Imperial College London


Faculty of MedicineDepartment of Brain Sciences

Professor of Practice (Neurosurgery)



+44 (0)20 3311 1182d.nandi




Lab BlockCharing Cross Campus






BibTex format

author = {Marcus, HJ and Payne, CJ and Hughes-Hallett, A and Marcus, AP and Yang, G-Z and Darzi, A and Nandi, D},
doi = {10.1136/bmj.i2587},
journal = {BMJ},
title = {Regulatory approval of new medical devices: cross sectional study.},
url = {},
volume = {353},
year = {2016}

RIS format (EndNote, RefMan)

AB - OBJECTIVE:  To investigate the regulatory approval of new medical devices. DESIGN:  Cross sectional study of new medical devices reported in the biomedical literature. DATA SOURCES:  PubMed was searched between 1 January 2000 and 31 December 2004 to identify clinical studies of new medical devices. The search was carried out during this period to allow time for regulatory approval. ELIGIBILITY CRITERIA FOR STUDY SELECTION:  Articles were included if they reported a clinical study of a new medical device and there was no evidence of a previous clinical study in the literature. We defined a medical device according to the US Food and Drug Administration as an "instrument, apparatus, implement, machine, contrivance, implant, in vitro reagent, or other similar or related article." MAIN OUTCOME MEASURES:  Type of device, target specialty, and involvement of academia or of industry for each clinical study. The FDA medical databases were then searched for clearance or approval relevant to the device. RESULTS:  5574 titles and abstracts were screened, 493 full text articles assessed for eligibility, and 218 clinical studies of new medical devices included. In all, 99/218 (45%) of the devices described in clinical studies ultimately received regulatory clearance or approval. These included 510(k) clearance for devices determined to be "substantially equivalent" to another legally marketed device (78/99; 79%), premarket approval for high risk devices (17/99; 17%), and others (4/99; 4%). Of these, 43 devices (43/99; 43%) were actually cleared or approved before a clinical study was published. CONCLUSIONS:  We identified a multitude of new medical devices in clinical studies, almost half of which received regulatory clearance or approval. The 510(k) pathway was most commonly used, and clearance often preceded the first published clinical study.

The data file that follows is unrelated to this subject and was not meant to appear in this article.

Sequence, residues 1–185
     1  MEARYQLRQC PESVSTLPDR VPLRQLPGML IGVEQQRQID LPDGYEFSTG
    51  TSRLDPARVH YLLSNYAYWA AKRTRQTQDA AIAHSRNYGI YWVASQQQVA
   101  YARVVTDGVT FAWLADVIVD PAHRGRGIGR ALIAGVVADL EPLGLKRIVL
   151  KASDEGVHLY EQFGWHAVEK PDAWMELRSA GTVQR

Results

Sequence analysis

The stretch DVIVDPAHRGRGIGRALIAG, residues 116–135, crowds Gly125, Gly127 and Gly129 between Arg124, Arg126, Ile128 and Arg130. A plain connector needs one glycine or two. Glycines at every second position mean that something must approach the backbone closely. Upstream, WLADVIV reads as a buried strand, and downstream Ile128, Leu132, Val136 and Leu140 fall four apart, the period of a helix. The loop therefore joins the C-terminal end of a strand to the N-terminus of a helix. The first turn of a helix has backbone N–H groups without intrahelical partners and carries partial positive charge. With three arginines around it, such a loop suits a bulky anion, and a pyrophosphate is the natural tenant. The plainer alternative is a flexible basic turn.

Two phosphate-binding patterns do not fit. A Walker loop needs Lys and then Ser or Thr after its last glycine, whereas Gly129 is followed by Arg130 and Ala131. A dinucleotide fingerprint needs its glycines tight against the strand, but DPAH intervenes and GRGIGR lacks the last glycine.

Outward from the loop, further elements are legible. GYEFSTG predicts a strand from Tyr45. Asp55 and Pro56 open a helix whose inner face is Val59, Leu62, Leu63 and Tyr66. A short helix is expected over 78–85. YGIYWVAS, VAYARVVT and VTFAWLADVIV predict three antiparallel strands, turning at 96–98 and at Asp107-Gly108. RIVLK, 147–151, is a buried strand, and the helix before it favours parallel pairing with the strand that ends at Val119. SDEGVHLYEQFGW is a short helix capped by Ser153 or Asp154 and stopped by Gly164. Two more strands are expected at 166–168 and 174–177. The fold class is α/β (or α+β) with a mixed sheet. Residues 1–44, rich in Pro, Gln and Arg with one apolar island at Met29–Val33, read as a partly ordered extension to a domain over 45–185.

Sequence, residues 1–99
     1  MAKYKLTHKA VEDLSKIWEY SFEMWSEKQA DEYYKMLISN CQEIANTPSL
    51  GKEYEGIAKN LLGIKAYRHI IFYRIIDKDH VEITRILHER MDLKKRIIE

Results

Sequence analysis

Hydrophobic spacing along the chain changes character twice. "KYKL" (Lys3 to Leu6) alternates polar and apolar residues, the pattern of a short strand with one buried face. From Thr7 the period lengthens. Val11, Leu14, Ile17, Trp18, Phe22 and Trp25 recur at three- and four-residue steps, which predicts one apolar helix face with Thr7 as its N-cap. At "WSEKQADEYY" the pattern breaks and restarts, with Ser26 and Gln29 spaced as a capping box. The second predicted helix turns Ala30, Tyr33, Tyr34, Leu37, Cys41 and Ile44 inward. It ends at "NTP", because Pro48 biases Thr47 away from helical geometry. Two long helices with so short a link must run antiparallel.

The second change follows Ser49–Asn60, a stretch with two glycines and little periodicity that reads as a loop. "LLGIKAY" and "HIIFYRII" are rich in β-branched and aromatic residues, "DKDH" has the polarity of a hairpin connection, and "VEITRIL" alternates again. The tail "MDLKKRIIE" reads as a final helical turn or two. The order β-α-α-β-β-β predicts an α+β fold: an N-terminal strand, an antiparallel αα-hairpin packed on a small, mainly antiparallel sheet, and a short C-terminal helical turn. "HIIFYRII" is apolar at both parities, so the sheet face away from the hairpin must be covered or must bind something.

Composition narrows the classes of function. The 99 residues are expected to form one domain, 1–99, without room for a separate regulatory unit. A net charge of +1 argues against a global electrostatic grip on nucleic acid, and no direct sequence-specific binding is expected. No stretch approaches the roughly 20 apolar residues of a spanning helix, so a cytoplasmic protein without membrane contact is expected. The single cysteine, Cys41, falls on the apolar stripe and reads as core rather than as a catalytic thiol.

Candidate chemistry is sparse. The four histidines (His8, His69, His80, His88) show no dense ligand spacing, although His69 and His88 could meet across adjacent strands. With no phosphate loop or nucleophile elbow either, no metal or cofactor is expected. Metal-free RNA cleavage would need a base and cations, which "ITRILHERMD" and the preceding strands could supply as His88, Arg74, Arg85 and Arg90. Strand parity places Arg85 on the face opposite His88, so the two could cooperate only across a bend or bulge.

AU - Marcus,HJ
AU - Payne,CJ
AU - Hughes-Hallett,A
AU - Marcus,AP
AU - Yang,G-Z
AU - Darzi,A
AU - Nandi,D
DO - 10.1136/bmj.i2587
PY - 2016///
TI - Regulatory approval of new medical devices: cross sectional study.
T2 - BMJ
UR -
UR -
UR -
VL - 353
ER -